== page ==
The word metaverse is becoming commonplace, especially after many giants have decided to invest in it. Probably, however, few remember that metaverses have already existed for years and that one, in particular, has been used over time by more than 20 million people. We are talking about the Second Life metaverse. Let’s try to rediscover it together.
The concept of the metaverse was launched with the book Snow Crash by Neal Stephenson in 1992. The original concept saw it as the set of all virtual worlds in which to be able to forge social relationships. Today, the idea of union has been somewhat outdated and we have a multitude of metaverses. However, they all share the goal of facilitating social interaction through augmented reality. In a metaverse, people are represented by an avatar and interact not only with each other but also with digital equivalents of real objects. Basically, it’s like living inside a William Gibson cyberpunk novel.
Second life was founded in 2003 by the American Linden Lab. In its heyday, in 2013, it had about one million active users.
Tralala’s Diner: one of the tourist destinations of Second Life
Second Life users, who like to devine themselves residents move within a virtual world built like a large chessboard (the grid, the grid). Each element of the board is named after isola and can be public land or owned by a resident. Each resident, in fact, can own virtual land by paying a monthly rent to Linden Lab. In order to achieve this, Second Life introduced two very important and, for the time, absolutely innovative concepts: a virtual economy and a virtual currency: the Linden Dollar. Linden Dollars can be bought and sold for real money through the LindenX Exchange and, as in the economy we know, have a variable exchange rate based on supply and demand.
The most interesting thing about the Second Life metaverse, though, is that its content was completely user-generated over the course of 18 years. In fact, if the owner of the land allows it, any resident is able to create geometric shapes and manipulate them. Additionally, you can add your own multimedia content such as images and sounds for a reasonable Linden Dollar fee. In order to support this, Linden has also introduced a property management system on every single object. This system allows to attribute to each object an author and an owner, preserving the intellectual property and allowing the trade.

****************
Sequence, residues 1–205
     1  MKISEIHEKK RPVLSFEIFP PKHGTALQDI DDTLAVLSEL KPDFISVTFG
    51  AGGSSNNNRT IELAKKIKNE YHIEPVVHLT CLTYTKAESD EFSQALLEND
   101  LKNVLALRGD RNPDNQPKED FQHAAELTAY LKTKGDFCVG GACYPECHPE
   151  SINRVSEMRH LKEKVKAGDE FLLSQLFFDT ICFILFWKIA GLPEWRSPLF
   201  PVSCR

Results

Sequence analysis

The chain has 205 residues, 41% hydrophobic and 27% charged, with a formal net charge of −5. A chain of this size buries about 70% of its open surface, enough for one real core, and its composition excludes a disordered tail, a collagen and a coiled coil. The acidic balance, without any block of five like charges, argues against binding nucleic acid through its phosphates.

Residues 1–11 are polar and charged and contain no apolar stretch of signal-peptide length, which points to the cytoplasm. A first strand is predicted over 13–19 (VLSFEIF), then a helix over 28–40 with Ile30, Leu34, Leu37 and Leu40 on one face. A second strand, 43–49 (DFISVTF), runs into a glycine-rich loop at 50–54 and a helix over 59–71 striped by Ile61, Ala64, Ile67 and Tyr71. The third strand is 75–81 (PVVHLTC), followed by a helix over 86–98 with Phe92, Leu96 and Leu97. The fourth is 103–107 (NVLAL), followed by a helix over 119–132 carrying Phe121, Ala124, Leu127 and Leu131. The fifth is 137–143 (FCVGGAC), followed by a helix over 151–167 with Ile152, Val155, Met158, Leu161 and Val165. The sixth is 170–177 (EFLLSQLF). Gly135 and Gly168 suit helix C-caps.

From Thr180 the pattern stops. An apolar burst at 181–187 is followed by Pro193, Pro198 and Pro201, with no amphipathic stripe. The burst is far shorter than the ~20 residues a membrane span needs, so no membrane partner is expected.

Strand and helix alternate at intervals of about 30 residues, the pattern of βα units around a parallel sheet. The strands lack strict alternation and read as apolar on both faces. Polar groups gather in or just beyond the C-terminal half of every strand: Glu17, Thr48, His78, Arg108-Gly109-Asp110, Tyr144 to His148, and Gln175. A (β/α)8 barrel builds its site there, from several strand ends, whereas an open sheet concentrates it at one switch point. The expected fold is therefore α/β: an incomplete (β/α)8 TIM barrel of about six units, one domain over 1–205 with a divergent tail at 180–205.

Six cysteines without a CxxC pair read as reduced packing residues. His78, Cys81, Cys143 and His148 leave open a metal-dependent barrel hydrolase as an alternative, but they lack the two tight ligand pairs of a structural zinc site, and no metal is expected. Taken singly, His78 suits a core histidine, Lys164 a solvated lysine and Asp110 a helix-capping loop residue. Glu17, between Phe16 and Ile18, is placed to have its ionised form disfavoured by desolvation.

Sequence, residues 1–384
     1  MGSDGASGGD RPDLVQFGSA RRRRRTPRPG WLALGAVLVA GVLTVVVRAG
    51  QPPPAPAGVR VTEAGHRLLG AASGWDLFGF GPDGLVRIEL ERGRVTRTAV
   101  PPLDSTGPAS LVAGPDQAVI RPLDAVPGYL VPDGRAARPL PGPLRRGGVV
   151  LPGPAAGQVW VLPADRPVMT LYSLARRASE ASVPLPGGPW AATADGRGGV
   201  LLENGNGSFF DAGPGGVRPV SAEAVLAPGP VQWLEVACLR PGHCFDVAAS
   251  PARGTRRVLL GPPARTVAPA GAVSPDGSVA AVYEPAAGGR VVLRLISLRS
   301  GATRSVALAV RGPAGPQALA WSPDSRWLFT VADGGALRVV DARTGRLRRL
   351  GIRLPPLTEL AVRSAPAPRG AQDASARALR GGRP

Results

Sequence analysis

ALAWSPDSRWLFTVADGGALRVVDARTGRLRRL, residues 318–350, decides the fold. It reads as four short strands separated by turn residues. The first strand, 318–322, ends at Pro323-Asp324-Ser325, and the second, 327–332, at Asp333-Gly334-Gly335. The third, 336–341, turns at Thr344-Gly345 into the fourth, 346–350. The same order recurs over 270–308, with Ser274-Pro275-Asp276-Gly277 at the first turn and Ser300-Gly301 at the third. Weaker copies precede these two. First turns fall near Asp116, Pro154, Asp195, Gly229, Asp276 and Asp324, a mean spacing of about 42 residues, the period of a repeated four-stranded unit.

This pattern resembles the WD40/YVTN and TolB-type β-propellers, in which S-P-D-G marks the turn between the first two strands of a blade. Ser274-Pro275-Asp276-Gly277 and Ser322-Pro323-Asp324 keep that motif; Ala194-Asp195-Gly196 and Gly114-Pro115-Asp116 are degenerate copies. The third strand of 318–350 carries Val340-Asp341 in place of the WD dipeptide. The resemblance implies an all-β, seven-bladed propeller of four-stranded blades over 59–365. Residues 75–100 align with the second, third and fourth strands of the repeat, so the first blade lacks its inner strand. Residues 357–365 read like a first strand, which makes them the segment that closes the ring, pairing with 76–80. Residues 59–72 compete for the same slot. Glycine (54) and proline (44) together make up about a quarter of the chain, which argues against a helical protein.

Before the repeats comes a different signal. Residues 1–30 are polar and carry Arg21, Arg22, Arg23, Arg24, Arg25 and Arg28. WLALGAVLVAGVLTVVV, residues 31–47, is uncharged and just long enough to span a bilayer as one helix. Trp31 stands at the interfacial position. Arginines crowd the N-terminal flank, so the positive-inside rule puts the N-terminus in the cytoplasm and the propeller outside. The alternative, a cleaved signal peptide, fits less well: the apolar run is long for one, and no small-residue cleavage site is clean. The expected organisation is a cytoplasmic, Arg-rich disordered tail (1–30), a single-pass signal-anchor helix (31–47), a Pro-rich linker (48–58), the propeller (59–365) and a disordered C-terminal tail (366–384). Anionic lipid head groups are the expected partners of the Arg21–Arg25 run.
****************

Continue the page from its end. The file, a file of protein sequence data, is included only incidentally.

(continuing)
No, on the contrary, they capitalize on the Second Life experience and take them to a higher level thanks to new technologies for 3D and an ever wider band available to everyone.
Second Life has been trying for years to produce a physical device for immersion in its 3D world; but with poor results, because the technology was not yet ready. Linden Lab had to be content with displaying a 3D environment on a screen. Today this barrier has fallen, because we have virtual reality headsets like Oculus Quest that are accessible to everyone.
Another insurmountable barrier for Linden Lab was that of available bandwidth. We can have the most beautiful virtual world on the Internet, but if we have to wait 5 minutes every time to see the room around us, nobody will use it. Today, if we live in a large urban center, a gigabit connection is available through any telephone operator. It therefore becomes possible to send much more information, build more realistic environments and interact faster. That is, our perception of a metaverse could really make a big leap in quality.
In fact, none of the residents have forgotten about Second Life. That metaverse just got out of the spotlight for the rest of the audience. Its 900,000 active users may be significant to Linden Lab, but they are not comparable to the 43 million roblox users and 141 million Minecraft users. Just to stay in the context of other virtual worlds.
In the mid-2000s Second Life enjoyed a very strong presence in the news media. This presence began with a cover by Business Week dedicated to Anshe Chung (in real life Ailin Graef): successful entrepreneur on Second Life. From there, the metaverse has been used in many contexts that have given it visibility even to non-workers. We can mention, for example, the fifth episode of the fourth series of CSI New York: “Down the Rabbit Hole” and a press conference in 2007 by the then minister Antonio di Pietro. At the end of this period of media attention, Second Life has returned to its (second) life as usual.
Unfortunately not, as indeed in all ecosystems designed for social relations. In fact, in the past, the press has talked about unsavory activities within Second Life. Among these, for example, Ponzi scheme scams exploiting Linden Dollar.
A short visit is enough to realize that moderation is still one of the main problems of Second Life today. Keywords such as “porn” and “drugs” are obviously filtered by the internal search engine. However, it doesn’t take a lot of imagination to be able to find the virtual equivalent of a red light district. In a recent interview with the BBC, Anya Kanevsky (vice president of Linden Lab) admitted that “Managing a virtual world is a complicated thing; some operations can be made automatic but many need human sensitivity “. These issues are obviously destined to be magnified if the use of a metaverse truly becomes a mass phenomenon.
The new metaverses should therefore also learn from this Second Life experience to ensure the quality of the content within them.
Of course it exists! It’s a little less crowded than it used to be five or six years ago, but it’s still there waiting for us. In fact, if you haven’t, we highly recommend you give it a try as there are loads of interesting places to visit. Linden Lab also offers a fantastic online travel guide.
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